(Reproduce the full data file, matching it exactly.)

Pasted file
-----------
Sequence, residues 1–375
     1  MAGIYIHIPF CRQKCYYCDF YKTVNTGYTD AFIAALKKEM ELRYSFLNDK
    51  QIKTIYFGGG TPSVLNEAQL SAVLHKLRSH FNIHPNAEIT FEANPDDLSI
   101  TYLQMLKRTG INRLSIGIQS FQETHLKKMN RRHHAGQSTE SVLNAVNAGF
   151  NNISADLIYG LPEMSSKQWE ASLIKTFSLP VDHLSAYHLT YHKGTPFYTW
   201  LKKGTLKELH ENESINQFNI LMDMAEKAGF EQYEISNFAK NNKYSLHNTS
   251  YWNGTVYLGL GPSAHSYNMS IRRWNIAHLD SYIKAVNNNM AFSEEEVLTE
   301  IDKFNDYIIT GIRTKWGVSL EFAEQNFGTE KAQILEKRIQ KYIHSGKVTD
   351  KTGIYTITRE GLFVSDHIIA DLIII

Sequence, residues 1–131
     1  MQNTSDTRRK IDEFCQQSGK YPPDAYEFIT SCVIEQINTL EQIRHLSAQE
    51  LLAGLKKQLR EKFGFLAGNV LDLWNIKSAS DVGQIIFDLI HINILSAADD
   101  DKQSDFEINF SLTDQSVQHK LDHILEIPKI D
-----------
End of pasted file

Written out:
Sequence, residues 1–375
     1  MAGIYIHIPF CRQKCYYCDF YKTVNTGYTD AFIAALKKEM ELRYSFLNDK
    51  QIKTIYFGGG TPSVLNEAQL SAVLHKLRSH FNIHPNAEIT FEANPDDLSI
   101  TYLQMLKRTG INRLSIGIQS FQETHLKKMN RRHHAGQSTE SVLNAVNAGF
   151  NNISADLIYG LPEMSSKQWE ASLIKTFSLP VDHLSAYHLT YHKGTPFYTW
   201  LKKGTLKELH ENESINQFNI LMDMAEKAGF EQYEISNFAK NNKYSLHNTS
   251  YWNGTVYLGL GPSAHSYNMS IRRWNIAHLD SYIKAVNNNM AFSEEEVLTE
   301  IDKFNDYIIT GIRTKWGVSL EFAEQNFGTE KAQILEKRIQ KYIHSGKVTD
   351  KTGIYTITRE GLFVSDHIIA DLIII

Sequence, residues 1–131
     1  MQNTSDTRRK IDEFCQQSGK YPPDAYEFIT SCVIEQINTL EQIRHLSAQE
    51  LLAGLKKQLR EKFGFLAGNV LDLWNIKSAS DVGQIIFDLI HINILSAADD
   101  DKQSDFEINF SLTDQSVQHK LDHILEIPKI D